The status of layer health in the US

22-11-2012 | | |
The status of layer health in the US
The status of layer health in the US

Each year Eric Gingerich, Technical Services Specialist at Diamond V, makes a report to the US Animal Health Association about the status of layer health in the US. Here is a short summary of that report.

Overall health of the national table egg layer flock continues to be very good. There are no major clinical disease problems occurring. This is due to the several resources and practices available to the industry:

  • Continued availability of high quality vaccines;
  • Flock supervision from professional, well-trained flock service technicians;
  • Readily available veterinary technical assistance from primary breeder, vaccine company, diagnostic laboratory, feed additive suppliers, and consulting veterinarians;
  • High quality nutrition provided by professional nutritionists;
  • Housing of a majority of layers in environmentally controlled facilities in cage without exposure to litter;
  • Use of sound biosecurity practices;
  • Continual surveillance for foreign animal diseases or potentially highly pathogenic agents such as Newcastle and avian influenza by our state and federal laboratory system.

A poll of the Association of Veterinarians in Egg Production (AVEP) was conducted within the last month. The members were asked to rate a list of common diseases of caged and cage-free pullets (22 conditions listed) and caged and cage-free layers (31 Diamond V 2 conditions listed) as to their prevalence in their area of service on a scale of 0 to 3 with 0 = not seen, 1 = seen but not common, 2 = commonly seen, and 3 = seen in a majority of flocks. The results can be found online.

Chick mortality problems are normally associated with small chicks, poor sanitation in the hatchery, or a lack of proper brooding management on the grow farm. As this problem continues high on the prevalence list, the emphasis on solving this issue is apparently not being addressed successfully. The rearing of flocks on litter and exposure to feces complicates coccidiosis in cage-free situations. Marek’s in cage-free flocks is also an issue due to the reduced ability to sanitise cage-free facilities between flocks compared to cage houses.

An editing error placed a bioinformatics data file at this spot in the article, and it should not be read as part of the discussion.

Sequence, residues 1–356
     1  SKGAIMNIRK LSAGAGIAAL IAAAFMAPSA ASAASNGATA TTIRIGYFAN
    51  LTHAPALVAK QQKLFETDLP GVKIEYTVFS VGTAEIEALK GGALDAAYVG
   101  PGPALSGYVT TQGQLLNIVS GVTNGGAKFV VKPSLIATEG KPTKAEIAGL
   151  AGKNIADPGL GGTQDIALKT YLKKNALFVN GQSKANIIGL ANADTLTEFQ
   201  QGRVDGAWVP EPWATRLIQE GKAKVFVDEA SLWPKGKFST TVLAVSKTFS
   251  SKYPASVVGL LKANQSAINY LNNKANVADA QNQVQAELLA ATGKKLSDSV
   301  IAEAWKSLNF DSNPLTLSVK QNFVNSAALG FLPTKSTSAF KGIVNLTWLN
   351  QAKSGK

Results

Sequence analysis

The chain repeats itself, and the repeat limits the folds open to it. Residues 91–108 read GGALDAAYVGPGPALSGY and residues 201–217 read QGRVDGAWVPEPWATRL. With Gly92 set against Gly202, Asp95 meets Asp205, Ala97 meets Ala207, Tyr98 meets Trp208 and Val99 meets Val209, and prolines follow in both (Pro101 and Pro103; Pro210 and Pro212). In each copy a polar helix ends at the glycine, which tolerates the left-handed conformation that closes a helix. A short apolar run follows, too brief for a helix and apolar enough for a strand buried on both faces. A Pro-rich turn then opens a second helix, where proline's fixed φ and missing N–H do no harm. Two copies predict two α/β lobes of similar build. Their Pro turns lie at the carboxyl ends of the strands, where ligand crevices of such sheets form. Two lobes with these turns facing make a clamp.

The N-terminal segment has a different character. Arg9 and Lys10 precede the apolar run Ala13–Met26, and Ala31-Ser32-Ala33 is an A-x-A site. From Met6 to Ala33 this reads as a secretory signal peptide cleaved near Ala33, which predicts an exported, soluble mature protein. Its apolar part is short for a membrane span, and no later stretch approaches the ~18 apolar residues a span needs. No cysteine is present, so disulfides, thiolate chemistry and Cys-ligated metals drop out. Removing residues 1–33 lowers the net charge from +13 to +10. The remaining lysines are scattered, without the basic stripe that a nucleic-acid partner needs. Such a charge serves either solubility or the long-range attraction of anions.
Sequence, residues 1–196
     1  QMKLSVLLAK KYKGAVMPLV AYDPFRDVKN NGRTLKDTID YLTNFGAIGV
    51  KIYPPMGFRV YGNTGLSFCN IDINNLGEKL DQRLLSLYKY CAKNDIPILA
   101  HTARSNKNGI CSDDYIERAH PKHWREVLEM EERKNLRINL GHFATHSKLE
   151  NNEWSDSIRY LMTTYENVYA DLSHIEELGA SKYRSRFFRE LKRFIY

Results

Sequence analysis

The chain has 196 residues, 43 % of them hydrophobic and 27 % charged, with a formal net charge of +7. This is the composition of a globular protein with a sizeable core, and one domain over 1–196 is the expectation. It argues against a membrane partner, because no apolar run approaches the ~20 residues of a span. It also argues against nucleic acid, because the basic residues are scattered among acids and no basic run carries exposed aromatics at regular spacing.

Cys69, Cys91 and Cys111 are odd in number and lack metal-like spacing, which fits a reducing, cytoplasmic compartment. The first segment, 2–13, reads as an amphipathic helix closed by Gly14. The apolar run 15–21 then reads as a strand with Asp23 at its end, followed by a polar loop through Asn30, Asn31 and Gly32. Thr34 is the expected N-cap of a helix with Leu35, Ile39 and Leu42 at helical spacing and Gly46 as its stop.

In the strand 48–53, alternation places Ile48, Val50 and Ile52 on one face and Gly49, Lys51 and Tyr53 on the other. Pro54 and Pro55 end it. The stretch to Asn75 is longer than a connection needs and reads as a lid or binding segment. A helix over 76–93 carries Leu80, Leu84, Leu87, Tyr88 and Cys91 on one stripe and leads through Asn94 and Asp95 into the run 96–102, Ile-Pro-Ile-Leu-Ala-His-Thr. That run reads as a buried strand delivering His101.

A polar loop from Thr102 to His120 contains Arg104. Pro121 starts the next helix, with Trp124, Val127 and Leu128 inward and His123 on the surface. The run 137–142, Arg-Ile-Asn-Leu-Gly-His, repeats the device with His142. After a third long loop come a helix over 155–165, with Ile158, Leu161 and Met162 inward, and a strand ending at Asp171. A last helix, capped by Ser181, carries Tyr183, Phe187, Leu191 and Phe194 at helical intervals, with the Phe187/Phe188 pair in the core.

Cannibalism continues to be seen especially in high light-intensity situations, both caged and cage-free. In these cases, the 10-day or younger rule for beak trimming results in longer beaks than desired compared to a beak trim at 4 to 8 weeks and results in an increase in incidence and severity of cannibalism. As this is a major problem for cage-free flocks, genetics companies are placing more emphasis on reducing this trait. The increasing use of large colony cages may also increase the level of cannibalism.

Colibacillosis is a problem mainly of young flocks where mortality rates of 0.5 to 4% per week starting shortly after housing can occur. It is felt that this condition is most often secondary to upper respiratory challenges with Mg, Mycoplasma synoviae (Ms), ammonia, infectious bronchitis (IB), etc. It also may be a primary problem if water lines are contaminated with E. coli.

Calcium depletion is normally associated with low intake of calcium, phosphorus, and/or vitamin D3, especially early in production with low feed intakes. This condition will be an ongoing issue with increasingly higher egg production rates through improvements in management and genetics.

An external parasite, the Northern Fowl Mite, has risen to prominence in cage layers in past years’ surveys. The difficulty in treating this condition, in cages and in cagefree flocks, has likely led to this increase. Spray treatment of caged layers is difficult due to the configuration of equipment. Elemental sulfur in dust baths is being used very successfully in cage-free flocks. Feeding of elemental sulfur will aid in reducing numbers of mites on birds as well. Decontamination of pullet moving trucks and equipment may also be lacking especially if the equipment was used previously for mite-infested spent fowl movement.

The full report can be found online using this link.

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